The principal function of the exhaust gas recirculation ‘EGR system’ is to reduce the amount of nitrogen oxides, also called NOx or pollutants, that are produced during the combustion process.
Today, 100 % of the Diesel cars are equipped with EGR valves and currently only 30 % of petrol cars. Since Euro 5, most of the new petrol cars in the market are/will be equipped with an EGR system. New models will be equipped with two EGR types (low pressure and high pressure).
100% of diesel engines in Europe are fitted with an EGR valve
Reduces pollutants to meet Euro norms
60% market coverage – and growing
Comprehensive technical support
Nitrogen oxides (NOx) are produced during the combustion process. NOx is created when high combustion temperatures enable the nitrogen and oxygen present in the air-fuel mixture to combine. To reduce these harmful emissions the EGR valve takes exhaust gases from the exhaust manifold and reintroduces them into the intake manifold, mixing them with fresh air. This has a double effect, reducing the amount of oxygen in the air-fuel mixture and reducing the temperature, and thereby reducing the amount of NOx the engine produces.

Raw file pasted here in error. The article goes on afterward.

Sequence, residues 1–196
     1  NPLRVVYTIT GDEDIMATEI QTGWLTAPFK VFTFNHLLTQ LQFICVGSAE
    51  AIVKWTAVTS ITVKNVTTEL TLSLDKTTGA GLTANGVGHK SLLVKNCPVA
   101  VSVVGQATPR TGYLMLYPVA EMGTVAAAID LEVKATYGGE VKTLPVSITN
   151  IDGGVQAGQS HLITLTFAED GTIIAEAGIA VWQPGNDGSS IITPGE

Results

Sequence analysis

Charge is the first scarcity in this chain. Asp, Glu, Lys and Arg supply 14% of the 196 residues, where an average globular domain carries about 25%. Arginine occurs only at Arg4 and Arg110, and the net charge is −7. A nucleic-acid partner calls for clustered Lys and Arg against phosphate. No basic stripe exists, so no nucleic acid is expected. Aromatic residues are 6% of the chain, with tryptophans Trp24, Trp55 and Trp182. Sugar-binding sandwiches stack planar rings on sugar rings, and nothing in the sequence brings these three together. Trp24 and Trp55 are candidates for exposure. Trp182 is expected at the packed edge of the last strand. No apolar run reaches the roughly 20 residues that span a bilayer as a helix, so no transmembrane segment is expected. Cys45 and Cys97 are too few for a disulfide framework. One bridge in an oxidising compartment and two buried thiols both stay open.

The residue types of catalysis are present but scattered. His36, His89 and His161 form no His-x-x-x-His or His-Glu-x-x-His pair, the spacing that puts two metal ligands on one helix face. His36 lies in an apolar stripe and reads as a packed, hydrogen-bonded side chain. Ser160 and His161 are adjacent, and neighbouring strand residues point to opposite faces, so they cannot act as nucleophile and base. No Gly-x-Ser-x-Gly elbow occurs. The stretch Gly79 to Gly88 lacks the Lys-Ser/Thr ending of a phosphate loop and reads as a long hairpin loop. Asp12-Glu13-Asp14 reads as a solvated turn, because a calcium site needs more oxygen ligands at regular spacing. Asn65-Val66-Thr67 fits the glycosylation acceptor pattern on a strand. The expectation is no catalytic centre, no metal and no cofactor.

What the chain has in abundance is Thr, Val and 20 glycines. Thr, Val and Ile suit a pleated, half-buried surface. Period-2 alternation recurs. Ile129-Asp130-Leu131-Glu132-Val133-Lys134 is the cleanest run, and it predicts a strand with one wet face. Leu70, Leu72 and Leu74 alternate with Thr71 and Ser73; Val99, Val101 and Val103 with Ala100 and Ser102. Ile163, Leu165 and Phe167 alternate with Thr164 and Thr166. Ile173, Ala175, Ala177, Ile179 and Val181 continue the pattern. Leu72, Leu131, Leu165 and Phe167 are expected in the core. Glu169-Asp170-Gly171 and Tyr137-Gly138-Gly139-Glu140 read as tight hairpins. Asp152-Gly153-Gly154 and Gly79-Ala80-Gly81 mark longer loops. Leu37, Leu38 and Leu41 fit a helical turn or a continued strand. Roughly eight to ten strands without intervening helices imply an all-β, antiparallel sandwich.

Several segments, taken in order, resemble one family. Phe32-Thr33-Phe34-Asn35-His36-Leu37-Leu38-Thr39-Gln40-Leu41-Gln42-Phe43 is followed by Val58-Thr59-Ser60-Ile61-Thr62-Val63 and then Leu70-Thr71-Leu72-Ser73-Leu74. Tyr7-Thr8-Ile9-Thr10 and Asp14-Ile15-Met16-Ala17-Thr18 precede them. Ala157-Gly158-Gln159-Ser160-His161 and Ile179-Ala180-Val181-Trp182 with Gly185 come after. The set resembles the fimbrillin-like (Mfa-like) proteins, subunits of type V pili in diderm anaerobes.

Achieving the “right” level of return gas is governed by the Engine Management System (EMS) which measures various inputs e.g. engine load, engine speed, boost pressure, mass air flow rate, intake air temperature.